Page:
Bebe and her family are Karen, an ethnic minority that
has been targeted by the Myanmar government and driven
out of the country. She moved to the Oakland, Calif.,
in August 2007 with a group of refugees who still have
family and friends in Myanmar who were affected by the
Transcript: My name is Bebe and I'm from Thailand.
My family was from Burma. I was born in a refugee camp
on the border of Burma and Thailand.
I came to the United States only 10 months ago and
I came because the U.N. called the refugees in the camp
and my family tried to come here.
My dad is from Rangoon and my mom is from a village.
A lot of people here are from Burma. We have 11 students
here and they are all from the camp. Some of them were
born in Burma, or like me were born in the refugee camp.
We have a Karen church, a Burma church, and they are
all from Burma.
The cyclone's destruction
My sister, she called my dad two weeks ago and said, "Dad
do you know what's happened in Burma?" And we don't
know anything. So I opened my corridor to go watch the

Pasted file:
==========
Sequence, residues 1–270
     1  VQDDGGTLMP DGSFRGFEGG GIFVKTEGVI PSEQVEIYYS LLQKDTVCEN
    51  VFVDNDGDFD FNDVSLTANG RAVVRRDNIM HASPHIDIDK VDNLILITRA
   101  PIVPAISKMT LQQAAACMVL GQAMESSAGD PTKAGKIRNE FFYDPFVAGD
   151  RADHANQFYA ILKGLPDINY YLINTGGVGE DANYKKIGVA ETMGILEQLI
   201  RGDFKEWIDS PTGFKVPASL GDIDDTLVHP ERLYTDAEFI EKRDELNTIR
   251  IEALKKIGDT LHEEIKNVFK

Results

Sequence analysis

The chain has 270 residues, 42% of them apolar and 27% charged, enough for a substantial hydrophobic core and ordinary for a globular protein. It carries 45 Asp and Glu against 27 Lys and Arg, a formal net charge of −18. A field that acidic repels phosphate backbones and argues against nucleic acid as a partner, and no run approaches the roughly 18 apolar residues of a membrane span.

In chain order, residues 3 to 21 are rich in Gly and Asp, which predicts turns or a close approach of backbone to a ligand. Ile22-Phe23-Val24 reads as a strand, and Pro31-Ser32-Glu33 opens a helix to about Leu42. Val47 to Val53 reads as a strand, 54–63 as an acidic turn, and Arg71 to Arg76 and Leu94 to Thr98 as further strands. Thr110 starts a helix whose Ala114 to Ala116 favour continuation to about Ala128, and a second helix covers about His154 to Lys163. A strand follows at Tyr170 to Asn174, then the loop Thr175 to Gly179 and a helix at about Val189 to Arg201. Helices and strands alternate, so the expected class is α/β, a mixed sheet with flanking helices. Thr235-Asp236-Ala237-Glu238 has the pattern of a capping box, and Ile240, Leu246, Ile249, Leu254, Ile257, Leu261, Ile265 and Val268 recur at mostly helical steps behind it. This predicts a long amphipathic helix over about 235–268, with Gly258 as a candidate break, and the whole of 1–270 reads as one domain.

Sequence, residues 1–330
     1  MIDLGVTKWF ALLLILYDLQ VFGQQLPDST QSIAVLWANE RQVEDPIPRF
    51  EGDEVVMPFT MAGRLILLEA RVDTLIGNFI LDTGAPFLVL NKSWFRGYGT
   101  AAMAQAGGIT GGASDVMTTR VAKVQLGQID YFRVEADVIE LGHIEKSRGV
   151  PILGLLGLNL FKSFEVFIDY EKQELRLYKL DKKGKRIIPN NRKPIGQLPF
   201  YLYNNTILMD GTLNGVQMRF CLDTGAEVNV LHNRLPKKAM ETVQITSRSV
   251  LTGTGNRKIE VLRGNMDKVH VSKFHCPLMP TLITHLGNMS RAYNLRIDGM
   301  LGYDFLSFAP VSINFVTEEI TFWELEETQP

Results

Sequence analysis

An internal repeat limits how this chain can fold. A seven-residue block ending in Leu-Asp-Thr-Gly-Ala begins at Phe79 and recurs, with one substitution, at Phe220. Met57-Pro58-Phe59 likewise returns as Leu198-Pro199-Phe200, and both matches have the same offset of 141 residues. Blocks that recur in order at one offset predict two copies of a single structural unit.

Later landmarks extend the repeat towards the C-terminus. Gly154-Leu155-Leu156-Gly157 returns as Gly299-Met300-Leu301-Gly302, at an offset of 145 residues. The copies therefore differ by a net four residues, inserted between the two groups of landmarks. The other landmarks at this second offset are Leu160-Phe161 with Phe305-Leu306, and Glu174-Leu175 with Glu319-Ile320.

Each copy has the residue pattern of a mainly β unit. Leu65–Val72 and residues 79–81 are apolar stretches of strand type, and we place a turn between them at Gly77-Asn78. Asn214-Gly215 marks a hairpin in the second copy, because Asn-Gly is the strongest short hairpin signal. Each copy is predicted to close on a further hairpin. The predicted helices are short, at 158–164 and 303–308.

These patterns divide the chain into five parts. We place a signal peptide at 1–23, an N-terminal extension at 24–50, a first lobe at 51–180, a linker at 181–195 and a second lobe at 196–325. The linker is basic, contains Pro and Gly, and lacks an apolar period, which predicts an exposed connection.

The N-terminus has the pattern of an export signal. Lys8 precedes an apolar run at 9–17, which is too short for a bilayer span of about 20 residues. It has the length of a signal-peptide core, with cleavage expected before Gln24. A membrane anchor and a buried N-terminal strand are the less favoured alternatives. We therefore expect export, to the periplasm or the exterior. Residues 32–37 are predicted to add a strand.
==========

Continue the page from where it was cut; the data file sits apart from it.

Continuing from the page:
news on the Burma cyclone.
I saw the pictures and I feel very bad. Then in the
evening, one of my aunts called my dad and said, "Your
cousins in Burma, their families are hurt and their
houses are broken and they have to build new ones."
I'm so sad and all day I come to school, but I worry
about my relatives in Burma.
One of my nephews, he is just only two or three years
old, he was hurt, he is young so I worry about him and
The next day, I came to school and I looked sad. My
friends from Burma asked me, "What happened to
I told them everything about what I said about my relatives,
what happened to them, and they said, "Me too,
I have aunts in Burma and they lost their houses."
We just came only 10 months ago, we want to give them
money, but we don't have the money to send for them
to build a house.
My education, I don't want to be absent. I want to
get A's in my class, but I am so very, very sad about
Life in the refugee camp
My life was a burden there, and I spent 15 years in the
camp. It's really, really hard. We can't go outside. We
want to go to the school, we want to go to the university,
but a lot of students finish high school and they don't
have a job, they don't have anything.
They are just in the refugee camp and everybody is
One day, if I finish college and I'm a person who has
a good education and my life is better I will go to
help my Karen people at the border.
They are from Burma, but the Burmese soldiers shoot
at them so they run to the border with Thailand. The
U.N. people made a big refugee camp so they just live
there and make a house there.
I am so happy to be here. I thank God so much that
my life has become better and I know that God has blessed
me. I'm so lucky to be here in the United States.